The Mitchell Report

Following is a guest post written by Rich Ackerman, one of today’s leading voices in sports commentary…

The findings of the Mitchell Report left me feeling as though I had just seen a well-hyped blockbuster movie that fell short of expectations. The investigation and its findings are a sign of progress, but it’s just a start. Bud Selig said he’ll deal with the players on the list on an individual basis. I’m not sure how he’s going to do this given that some of the names are those of retired players. And what happens to the statistics accumulated during this time?

The names on the list confirmed suspicions that a lot of us had. Roger Clemens is easily the player that stands to lose the most. He’s been the best pitcher of this generation and now his Hall of Fame candidacy is in jeopardy. There were other big names, former All-Stars and Most Valuable Players, but there were many fringe players as well. But what may have been more newsworthy were names that weren’t on the list. The investigation was comprehensive but it only followed leads that were already public. It failed to uncover anything further.

Still, I’ll be excited come spring training. Baseball has had scandals before, whether it’s the Black Sox of 1919 or the drug scandal of the early 80’s, and has survived. While today’s events left me disappointed, it is important to remember it is a start. Now it’s up to Bud Selig, Major League Baseball, and the Players Association to not drop the ball. Let’s hope they have good hands.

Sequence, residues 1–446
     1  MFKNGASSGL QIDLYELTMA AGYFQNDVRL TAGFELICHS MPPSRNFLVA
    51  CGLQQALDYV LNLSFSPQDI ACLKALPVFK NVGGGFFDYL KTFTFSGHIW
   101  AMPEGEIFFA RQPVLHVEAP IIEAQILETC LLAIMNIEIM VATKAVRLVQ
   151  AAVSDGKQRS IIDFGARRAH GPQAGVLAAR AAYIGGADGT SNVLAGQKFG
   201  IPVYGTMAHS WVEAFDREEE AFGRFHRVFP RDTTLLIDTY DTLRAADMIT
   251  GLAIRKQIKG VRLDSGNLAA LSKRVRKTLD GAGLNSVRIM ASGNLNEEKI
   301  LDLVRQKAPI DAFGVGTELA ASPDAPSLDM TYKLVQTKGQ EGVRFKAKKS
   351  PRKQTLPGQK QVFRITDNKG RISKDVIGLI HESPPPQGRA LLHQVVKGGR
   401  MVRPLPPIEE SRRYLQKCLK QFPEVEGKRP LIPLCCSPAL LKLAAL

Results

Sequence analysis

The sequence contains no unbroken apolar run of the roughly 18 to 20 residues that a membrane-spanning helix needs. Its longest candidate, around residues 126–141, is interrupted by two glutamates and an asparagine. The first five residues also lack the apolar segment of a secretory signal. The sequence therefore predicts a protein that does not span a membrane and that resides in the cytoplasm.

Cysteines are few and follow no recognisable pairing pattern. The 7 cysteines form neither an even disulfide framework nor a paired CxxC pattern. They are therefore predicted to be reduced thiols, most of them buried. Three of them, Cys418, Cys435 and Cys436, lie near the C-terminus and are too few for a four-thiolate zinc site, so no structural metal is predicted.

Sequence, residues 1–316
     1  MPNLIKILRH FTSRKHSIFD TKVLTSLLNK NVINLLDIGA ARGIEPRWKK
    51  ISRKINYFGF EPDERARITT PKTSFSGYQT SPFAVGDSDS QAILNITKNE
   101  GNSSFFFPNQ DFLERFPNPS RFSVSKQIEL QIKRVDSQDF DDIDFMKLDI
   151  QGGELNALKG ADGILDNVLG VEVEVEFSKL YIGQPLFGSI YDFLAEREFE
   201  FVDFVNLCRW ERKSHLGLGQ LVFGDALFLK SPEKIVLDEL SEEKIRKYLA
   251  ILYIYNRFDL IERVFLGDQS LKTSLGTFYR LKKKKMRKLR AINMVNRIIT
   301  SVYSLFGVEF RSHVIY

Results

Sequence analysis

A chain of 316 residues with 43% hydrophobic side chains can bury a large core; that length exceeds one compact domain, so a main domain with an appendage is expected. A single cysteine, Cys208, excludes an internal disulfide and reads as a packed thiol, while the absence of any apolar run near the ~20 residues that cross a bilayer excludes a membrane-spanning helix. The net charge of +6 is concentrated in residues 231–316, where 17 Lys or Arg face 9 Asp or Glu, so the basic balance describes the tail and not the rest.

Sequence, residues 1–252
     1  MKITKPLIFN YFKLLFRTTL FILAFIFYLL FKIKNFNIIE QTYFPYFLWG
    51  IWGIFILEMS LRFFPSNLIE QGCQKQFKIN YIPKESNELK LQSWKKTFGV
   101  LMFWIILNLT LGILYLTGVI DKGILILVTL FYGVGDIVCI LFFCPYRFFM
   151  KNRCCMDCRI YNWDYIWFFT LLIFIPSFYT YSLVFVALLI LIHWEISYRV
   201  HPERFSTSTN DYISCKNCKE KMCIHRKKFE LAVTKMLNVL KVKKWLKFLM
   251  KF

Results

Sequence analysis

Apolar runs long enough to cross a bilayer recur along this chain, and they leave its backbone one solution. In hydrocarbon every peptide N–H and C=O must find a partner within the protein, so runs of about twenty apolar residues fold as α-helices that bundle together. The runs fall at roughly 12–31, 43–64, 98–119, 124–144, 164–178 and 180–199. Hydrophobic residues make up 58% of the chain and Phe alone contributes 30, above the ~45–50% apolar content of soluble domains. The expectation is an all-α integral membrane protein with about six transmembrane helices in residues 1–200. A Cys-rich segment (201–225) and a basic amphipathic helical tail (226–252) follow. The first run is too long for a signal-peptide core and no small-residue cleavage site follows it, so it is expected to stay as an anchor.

Born and raised in Brooklyn, Rich attended NYU and graduated with a degree in Broadcast Journalism.  He worked at radio stations in Charlotte, Washington DC and Chicago before joining ESPN Radio, where he hosted the 1997 NBA Draft lottery, the NBA on ESPN studio show and the WNBA finals.  Rich currently handles 20/20 updates for WFAN All-Sports Radio.

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1 comment so far

  1. Jay on

    Rich, interesting comments and thoughts. I believe Bud Selig and his crew used George Mitchell’s untarnished reputation as an attempt to give this entire investigation an aura of honesty. Did it work? Time will tell. Bud Selig — BS for short.


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